Badgers (Taxidea taxus) are Red-listed in British Columbia. We summarize preliminary badger home range size and habitat requirement data from the East Kootenay region of British Columbia. Home ranges were 10–200 times larger than reported from studies in the United States. Using the minimum convex polygon method, female home ranges averaged 54 km2 and males 509 km2. Low trap success, large home ranges, predominantly adult captures, high mortality, and low natality suggest a small population, particularly in the north. Burrows used by radio-tagged badgers had more commonly been re-used than recently excavated (P < 0.001). Most (77%) had Columbian ground squirrel (Spermophilus columbianus) burrows within 50 m, which exceeded their relative availability (P < 0.001). The percentage of radio-locations on nonforested land (57%) was greater than the relative availability of such habitats (P < 0.001), although forested land with crown closure of up to 85% was used...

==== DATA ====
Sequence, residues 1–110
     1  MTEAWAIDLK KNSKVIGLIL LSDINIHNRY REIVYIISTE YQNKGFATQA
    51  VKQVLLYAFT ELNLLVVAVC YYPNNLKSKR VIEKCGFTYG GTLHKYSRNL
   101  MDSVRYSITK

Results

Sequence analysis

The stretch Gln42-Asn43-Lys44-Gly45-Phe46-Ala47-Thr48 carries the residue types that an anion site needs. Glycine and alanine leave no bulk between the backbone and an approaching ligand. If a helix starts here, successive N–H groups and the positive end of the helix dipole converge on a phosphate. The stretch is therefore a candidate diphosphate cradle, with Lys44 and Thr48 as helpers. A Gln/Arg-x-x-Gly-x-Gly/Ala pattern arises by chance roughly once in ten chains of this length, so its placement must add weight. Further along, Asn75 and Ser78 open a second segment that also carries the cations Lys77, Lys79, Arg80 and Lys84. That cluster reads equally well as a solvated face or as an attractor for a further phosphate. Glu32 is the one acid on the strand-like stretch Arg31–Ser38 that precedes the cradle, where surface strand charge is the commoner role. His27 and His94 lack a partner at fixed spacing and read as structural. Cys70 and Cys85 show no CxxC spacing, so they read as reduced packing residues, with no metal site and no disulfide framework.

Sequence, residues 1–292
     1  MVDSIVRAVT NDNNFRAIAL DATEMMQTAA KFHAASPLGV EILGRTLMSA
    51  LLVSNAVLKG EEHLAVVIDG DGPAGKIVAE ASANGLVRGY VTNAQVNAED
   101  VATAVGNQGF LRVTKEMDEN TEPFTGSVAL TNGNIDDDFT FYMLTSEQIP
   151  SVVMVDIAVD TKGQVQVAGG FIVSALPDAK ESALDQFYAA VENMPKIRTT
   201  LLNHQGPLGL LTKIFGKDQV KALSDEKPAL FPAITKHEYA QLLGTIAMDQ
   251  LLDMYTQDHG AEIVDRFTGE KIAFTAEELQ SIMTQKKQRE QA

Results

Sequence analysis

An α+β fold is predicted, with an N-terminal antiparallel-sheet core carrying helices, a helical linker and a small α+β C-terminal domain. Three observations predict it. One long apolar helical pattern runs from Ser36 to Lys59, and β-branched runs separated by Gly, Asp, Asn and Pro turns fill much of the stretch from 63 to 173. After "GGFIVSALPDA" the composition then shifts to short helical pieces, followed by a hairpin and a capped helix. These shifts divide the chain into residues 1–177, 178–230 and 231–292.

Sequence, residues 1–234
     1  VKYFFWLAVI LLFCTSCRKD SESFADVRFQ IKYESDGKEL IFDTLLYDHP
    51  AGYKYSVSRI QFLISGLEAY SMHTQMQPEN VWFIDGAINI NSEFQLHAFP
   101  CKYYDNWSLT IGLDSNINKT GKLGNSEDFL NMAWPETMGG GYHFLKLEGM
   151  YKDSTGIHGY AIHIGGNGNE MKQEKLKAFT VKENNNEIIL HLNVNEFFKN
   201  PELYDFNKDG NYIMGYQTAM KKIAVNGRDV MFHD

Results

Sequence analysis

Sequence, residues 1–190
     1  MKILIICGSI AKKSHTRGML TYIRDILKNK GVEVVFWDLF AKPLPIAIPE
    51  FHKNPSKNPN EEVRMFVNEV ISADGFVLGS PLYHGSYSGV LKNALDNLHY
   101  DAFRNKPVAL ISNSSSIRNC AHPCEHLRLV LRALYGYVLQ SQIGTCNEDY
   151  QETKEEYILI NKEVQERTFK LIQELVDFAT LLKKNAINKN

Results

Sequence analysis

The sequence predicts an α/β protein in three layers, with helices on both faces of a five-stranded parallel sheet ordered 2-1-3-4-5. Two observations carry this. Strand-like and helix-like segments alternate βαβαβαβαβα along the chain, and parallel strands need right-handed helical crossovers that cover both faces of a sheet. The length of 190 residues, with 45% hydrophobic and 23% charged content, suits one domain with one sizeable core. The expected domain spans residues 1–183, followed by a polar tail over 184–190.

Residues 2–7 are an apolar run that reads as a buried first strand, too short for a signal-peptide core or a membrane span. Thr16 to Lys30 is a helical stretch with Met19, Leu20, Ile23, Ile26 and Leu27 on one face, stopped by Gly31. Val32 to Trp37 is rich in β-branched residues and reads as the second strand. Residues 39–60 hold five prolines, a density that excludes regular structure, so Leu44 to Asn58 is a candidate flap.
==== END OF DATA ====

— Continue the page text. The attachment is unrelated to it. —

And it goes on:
Newhouse, Nancy J., Kinley, Trevor A.. 1999. Biology and Conservation Challenges of Badgers in the East Kootenay Region of British Columbia (in Proc. Conference Biology & Management of Species and Habitats at Risk). Ministry of Environment, Lands and Parks. Proceedings - Conference Biology & Management. Vol. 2
Topic: Species and Ecosystems at Risk
Keywords: badger, East Kootenay, home range, habitat, radio-tracking, telemetry, Taxidea taxus, prey, conservation
Scientific Name: Taxidea taxus
English Name: Badger
Other Identifier: University College of the Cariboo
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